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  • Writer's pictureAlyssa Hariprashad

The Unaddressed Topics of Pregnancy and Postpartum Care

Updated: May 29, 2020

Take Home Messages and Nuggets

- Unaddressed topics in pregnancy and postpartum treatment

- How Pelvic PT can help

- Link to my top 5 go to exercises


I could sit here and write to you about the common topics of pregnancy which you can probably Google. So instead, I decided to write about the topics where my patients ask "Why didn't anyone tell me about this?"

The "Did you know about this?" topics are always what keeps me on my toes, so I wanted to share that with you.

I think what makes me cringe the most is when a patient says "Well my doctor told me this is your body now..." With that being said, here we go.



Clogged Milk Ducts

Yeah. That's a thing. Breast pain can occur due a clogged breast milk duct. An infection, called mastitis can also happen from bacteria entering the breast. A clogged milk duct DOES NOT mean you have mastitis, but if untreated it can cause an infection. What do you do? You can massage the breast (you always want to either start from the top or bottom and massage TOWARDS the nipple). TIPS: you can perform this in the shower or do this while pumping to increase blood flow. If you decide to seek medical attention, a physical therapist can help to massage the area, ultrasound to increase blood flow / pressure and also give you peace of mind that this is common and you didn't do anything wrong. Products such as a skin brush or even a comb can accompany the massage as well.

The "Mom Pouch"

We have all heard of the infamous "mom pouch". The reason I consider this an unaddressed topic is because the mom pouch or diastasis recti (the separation of your abdominal muscles that does not necessarily need to be caused by birth) can be prevented and it can also be treated. A therapist can determine if you have diastasis by measuring the finger width of separation when you perform a sit up or crunch - this isn't the easiest to do on your own, but it is doable! Core engagement has always been important, but I mention this because a therapist can take you through treatment BEFORE pregnancy, DURING pregnancy and AFTER pregnancy in order to prevent this separation. Treatment can include: exercises, tips when performing functional movements (not rounding your back, always engaging your core), taping and more.

Pain with Intercourse

Many of my patients tell me they don't want their partner touching them with a 10 foot pole after birth. I think that's fair enough, but if you do want to have intimate moments it's important to note that after both a C-Section and vaginal birth - the pelvic floor muscles tend to become overactive or they can become under-active. If your muscles are "overactive" this means they need to calm down in a sense. If they are "under-active" this means they need to strengthen. Manual work or perineal massage can be useful for this. If you place a finger inside the opening of your vagina, you may even be able to feel where certain areas are painful. If you don't feel comfortable using your finger, there are products called dilators that are very useful. We use these in order to teach our patients how to get rid of trigger points within the pelvic floor on their own.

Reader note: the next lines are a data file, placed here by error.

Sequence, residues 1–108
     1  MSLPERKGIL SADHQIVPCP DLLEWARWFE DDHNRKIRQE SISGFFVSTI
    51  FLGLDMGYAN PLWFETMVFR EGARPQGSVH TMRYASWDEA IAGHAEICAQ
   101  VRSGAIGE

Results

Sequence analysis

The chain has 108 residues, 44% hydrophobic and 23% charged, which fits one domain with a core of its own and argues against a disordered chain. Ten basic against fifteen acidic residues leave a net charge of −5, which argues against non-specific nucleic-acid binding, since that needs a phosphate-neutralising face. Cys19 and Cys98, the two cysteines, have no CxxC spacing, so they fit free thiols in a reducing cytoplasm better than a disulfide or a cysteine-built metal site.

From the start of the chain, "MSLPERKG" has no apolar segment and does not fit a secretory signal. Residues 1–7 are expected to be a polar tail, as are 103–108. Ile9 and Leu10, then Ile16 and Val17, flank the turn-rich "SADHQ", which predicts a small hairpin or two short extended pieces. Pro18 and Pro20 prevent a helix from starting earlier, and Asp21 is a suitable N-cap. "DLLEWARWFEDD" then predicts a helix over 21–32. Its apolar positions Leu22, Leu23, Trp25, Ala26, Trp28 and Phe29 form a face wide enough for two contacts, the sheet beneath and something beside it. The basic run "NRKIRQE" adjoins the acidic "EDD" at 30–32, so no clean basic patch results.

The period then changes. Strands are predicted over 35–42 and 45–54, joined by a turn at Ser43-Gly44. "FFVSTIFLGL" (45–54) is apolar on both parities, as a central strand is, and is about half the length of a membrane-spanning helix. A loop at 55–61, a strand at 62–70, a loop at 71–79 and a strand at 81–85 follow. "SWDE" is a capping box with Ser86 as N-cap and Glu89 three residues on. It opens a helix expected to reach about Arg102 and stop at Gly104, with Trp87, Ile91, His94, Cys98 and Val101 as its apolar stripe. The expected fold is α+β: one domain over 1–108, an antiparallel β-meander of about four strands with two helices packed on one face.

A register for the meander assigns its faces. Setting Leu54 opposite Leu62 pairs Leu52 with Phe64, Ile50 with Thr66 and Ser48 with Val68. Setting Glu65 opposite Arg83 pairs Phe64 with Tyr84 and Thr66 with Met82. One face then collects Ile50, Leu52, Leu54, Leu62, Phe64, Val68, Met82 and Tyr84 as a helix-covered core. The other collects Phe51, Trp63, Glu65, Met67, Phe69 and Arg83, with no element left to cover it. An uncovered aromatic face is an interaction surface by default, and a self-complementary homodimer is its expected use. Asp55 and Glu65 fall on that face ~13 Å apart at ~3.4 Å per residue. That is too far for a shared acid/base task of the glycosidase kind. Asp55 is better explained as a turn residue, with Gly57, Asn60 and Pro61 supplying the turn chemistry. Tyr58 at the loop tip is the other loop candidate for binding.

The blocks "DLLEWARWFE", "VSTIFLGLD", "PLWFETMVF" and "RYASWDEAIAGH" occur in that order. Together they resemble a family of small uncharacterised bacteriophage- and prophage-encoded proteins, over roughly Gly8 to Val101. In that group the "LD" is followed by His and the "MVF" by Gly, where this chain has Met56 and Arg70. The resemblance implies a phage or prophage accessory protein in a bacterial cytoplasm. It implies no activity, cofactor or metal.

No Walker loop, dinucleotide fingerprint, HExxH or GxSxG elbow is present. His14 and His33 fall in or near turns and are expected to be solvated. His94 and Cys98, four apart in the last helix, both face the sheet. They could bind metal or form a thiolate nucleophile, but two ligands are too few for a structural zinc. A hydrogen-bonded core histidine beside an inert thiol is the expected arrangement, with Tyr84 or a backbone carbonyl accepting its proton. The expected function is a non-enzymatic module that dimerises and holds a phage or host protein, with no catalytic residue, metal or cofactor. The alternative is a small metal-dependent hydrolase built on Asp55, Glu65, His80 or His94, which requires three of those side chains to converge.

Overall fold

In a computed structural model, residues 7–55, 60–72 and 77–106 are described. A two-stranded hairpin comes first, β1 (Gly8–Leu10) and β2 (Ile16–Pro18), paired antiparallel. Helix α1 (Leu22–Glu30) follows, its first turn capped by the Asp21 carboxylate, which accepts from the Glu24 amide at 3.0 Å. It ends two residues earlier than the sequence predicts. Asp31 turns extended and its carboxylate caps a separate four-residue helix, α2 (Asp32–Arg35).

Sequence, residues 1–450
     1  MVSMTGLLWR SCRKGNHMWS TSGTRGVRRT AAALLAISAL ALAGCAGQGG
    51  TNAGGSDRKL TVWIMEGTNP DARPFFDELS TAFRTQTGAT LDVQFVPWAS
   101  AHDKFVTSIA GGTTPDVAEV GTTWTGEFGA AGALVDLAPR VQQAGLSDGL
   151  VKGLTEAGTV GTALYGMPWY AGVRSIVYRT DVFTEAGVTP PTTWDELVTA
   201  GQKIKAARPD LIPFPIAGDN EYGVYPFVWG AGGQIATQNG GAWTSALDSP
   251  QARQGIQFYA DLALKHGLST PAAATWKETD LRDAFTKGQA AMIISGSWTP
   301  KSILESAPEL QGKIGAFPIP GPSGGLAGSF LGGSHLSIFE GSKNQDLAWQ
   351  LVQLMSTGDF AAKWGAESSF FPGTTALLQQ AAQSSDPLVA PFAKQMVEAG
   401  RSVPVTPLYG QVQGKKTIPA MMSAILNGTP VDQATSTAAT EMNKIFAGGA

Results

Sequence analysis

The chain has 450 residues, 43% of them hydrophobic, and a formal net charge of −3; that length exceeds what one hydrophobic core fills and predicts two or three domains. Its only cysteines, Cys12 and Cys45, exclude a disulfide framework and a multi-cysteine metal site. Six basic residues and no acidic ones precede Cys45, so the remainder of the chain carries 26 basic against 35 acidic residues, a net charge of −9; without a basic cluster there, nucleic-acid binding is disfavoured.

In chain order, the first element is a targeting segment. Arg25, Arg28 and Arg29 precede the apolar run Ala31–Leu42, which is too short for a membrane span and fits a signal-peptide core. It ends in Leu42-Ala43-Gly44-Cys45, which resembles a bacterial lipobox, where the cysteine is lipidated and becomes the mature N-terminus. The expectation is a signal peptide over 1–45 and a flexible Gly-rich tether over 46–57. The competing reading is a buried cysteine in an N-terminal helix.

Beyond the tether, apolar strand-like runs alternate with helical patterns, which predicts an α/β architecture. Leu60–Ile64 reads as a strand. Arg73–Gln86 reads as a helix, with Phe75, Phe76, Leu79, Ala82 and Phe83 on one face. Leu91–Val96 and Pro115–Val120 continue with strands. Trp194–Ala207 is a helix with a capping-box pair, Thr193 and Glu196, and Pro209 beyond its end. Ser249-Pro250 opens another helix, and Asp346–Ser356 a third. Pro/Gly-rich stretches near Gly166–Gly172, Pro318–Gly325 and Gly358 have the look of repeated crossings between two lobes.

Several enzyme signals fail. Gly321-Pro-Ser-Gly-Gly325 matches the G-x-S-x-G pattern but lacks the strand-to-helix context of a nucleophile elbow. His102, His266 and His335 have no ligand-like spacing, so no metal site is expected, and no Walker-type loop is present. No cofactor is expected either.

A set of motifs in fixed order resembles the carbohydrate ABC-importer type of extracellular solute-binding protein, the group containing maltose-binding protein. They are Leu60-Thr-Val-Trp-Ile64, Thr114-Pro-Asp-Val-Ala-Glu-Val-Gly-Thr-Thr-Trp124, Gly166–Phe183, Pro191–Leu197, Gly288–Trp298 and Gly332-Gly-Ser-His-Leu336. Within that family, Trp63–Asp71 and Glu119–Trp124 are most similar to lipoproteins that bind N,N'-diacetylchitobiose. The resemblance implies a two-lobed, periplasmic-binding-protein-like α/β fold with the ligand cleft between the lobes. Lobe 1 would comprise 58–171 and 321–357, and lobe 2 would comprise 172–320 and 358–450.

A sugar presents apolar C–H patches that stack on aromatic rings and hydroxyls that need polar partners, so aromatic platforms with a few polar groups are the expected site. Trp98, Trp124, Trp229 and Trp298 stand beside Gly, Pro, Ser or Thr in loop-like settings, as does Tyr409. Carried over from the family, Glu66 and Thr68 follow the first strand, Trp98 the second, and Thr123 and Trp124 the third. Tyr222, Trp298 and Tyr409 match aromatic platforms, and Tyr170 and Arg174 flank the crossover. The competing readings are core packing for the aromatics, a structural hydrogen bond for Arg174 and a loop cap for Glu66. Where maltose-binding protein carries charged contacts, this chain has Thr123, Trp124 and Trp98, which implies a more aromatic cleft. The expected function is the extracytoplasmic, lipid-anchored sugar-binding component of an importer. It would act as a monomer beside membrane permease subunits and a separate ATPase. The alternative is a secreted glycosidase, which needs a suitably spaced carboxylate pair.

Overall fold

Pelvic Organ Prolapses & Incontinence

This is when your organs drop from their normal position and impact surrounding muscles. Most of my patients will tell me that it "always feels like something is falling out". Because of this, incontinence (the inability to hold in / lack of control of urine or feces) can occur. Granted, incontinence can stem from many other causes but I have found that these two will come hand in hand. Anyone ever pee when they cough, laugh, jump or sneeze? I totally have and there are ways to fix this. Strengthening the pelvic floor is the most common way to treat incontinence along with examining the surrounding muscles, however I always suggest seeing a medical professional before looking up these exercises online or researching in general. Usually, it is suggested to perform kegels (which I personally love) and I will never downplay kegels - but if your muscles are overactive as I stated before, then kegels can actually do more harm than good. You never want to strengthen a muscle that is already tight in the first place... just some food for thought before you go performing kegels all the time!

Support Groups

This is a simple, but effective way to share / find ideas. If you type in "pregnancy" or "postpartum" on Facebook, Instagram, you name it - you will find that there is a whole new world out there for parents who feel the same way you do!

These are some, but not all of the Instagram pages I follow:

















If you do not have Instagram, type these names into Google and the websites will come up!


So what are simple, but effective exercises for my pregnant and postpartum crew? These are my top 5 exercises below. I'm the type to stick with the basics before even attempting to do the higher level activities. Click on the link below and copy and paste the access code!

Access Code: QPDAQHVH

Please know, there are plenty of resources out there. I will say this time and time again.

You are ALWAYS entitled to a second opinion.

"Your body will change. And there is damn well something you can do about it"


If you haven't followed The Pelvic Floor Playbook on Instagram make sure you do so! @the_pelvicfloorplaybook

Next week I'm focusing on:


With love always,

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